Brahms: Cello Sonata in E minor, Op. 38; Cello Sonata in F, Op. 99

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LABELS: Channel Classics
WORKS: Cello Sonata in E minor, Op. 38; Cello Sonata in F, Op. 99
PERFORMER: Pieter Wispelwey (cello), Paul Komen (piano)
Brahms completed his E minor Sonata, Op. 38, in 1865, following the death of his mother, and during the gestation of what was to become his German Requiem. A common key and predominantly sombre mood reveal sympathies with his Fourth Symphony, especially as both the Sonata’s fugal finale, and the closing Passacaglia of the Symphony have shared ancestry in Bach’s Art of Fugue. Peter Wispelwey’s performance is transparently cohesive, and has surprising architectural strength given that this is unusually lightweight Brahms playing. This lean-toned, athletic, yet uncompromisingly literal account is a far cry from the typically stoical, over-earnest Brahms playing which has done little to advance the cause of this music hitherto.


But severity and objectivity have their own concomitant drawbacks of course. One obvious result is that much of the surging passion which should be immediately enthralling, as the F major Sonata reaches heavenward at the outset, is missing here. But this is intellectually demanding music, with an alarming plethora of balance problems to overcome in performance. Pianist Paul Komen impresses with constant textual fidelity, and seemingly effortless mastery of the titanic piano part, performing on an instrument by Josef Riedel of Vienna, c. 1865.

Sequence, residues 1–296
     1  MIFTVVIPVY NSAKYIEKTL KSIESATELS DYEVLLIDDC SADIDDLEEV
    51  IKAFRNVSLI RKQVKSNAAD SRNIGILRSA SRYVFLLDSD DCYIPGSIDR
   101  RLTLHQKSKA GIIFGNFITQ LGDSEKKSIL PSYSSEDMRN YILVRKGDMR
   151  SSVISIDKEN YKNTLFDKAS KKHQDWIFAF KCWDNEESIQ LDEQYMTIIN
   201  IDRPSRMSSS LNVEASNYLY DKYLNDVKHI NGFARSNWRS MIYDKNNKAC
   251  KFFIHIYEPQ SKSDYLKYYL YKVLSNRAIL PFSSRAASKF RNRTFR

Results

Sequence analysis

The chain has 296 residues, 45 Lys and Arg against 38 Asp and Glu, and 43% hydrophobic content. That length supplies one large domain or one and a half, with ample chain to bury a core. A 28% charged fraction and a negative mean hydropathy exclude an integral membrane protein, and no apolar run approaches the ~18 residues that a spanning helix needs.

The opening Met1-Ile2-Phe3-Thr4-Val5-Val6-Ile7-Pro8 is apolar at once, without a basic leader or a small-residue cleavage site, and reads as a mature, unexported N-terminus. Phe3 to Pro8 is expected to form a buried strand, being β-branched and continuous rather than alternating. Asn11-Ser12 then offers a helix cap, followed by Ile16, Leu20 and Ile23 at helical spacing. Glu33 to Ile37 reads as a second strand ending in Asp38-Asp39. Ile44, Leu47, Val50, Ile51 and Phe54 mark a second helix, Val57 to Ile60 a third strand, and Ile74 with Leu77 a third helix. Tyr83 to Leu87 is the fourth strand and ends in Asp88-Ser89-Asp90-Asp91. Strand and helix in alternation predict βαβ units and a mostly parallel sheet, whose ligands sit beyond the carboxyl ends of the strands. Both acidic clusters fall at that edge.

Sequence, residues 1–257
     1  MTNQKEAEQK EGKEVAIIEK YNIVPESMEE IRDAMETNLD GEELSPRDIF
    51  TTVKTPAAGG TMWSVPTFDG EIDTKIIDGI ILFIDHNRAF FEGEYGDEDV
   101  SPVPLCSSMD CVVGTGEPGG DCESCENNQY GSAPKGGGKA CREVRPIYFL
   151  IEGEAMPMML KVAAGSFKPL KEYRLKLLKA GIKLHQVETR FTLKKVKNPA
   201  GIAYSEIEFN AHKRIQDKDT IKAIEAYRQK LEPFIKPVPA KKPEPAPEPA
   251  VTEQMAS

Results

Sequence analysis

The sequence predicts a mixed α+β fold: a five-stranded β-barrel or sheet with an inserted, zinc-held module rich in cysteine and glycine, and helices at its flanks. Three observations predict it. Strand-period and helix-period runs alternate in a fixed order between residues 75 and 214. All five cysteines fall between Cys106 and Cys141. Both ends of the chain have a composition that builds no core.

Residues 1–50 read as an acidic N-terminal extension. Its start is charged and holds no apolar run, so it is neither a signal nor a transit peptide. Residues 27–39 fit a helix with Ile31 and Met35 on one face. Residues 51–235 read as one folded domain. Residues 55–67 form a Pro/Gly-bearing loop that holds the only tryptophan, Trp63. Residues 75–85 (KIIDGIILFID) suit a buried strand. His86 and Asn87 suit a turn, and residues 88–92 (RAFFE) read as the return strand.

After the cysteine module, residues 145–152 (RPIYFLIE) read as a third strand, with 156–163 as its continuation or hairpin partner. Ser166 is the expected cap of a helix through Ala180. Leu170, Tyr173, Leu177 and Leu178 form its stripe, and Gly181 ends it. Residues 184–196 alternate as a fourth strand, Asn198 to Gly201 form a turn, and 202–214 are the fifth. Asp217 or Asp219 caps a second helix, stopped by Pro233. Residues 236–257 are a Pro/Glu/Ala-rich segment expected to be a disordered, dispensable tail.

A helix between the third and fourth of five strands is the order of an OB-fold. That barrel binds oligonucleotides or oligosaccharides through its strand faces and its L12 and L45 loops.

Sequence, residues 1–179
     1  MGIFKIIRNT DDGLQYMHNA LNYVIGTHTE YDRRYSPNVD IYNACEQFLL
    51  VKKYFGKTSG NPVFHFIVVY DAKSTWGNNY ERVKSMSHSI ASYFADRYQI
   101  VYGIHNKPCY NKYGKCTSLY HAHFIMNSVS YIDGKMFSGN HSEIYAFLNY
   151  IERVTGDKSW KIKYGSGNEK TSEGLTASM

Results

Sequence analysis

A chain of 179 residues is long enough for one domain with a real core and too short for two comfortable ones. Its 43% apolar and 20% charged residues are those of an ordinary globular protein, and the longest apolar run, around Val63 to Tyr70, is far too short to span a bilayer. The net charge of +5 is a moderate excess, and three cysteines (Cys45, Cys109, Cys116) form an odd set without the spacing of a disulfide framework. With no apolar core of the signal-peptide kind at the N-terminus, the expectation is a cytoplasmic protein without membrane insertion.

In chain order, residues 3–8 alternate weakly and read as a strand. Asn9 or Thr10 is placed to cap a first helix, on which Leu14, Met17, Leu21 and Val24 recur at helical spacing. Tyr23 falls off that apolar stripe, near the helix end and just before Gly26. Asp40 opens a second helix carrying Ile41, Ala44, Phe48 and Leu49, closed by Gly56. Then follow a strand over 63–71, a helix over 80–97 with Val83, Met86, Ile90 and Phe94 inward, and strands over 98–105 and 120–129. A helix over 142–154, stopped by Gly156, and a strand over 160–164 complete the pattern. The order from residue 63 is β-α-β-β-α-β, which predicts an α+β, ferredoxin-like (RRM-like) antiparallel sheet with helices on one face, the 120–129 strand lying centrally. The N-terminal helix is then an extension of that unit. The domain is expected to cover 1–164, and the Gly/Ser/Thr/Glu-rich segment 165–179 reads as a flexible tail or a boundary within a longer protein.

Wispelwey, too, has rich insight into this elusive and often thankless work which fails all too often in the recording studio. These artists offer stimulating, though never flamboyant readings of the Brahms Cello Sonatas, in superbly detailed and ideally balanced sound.


Insert presentation and artwork are most attractive, but some notes on the music itself might have been more helpful than an essay on musical aesthetics and piano technology, however fascinating these issues may be. Michael Jameson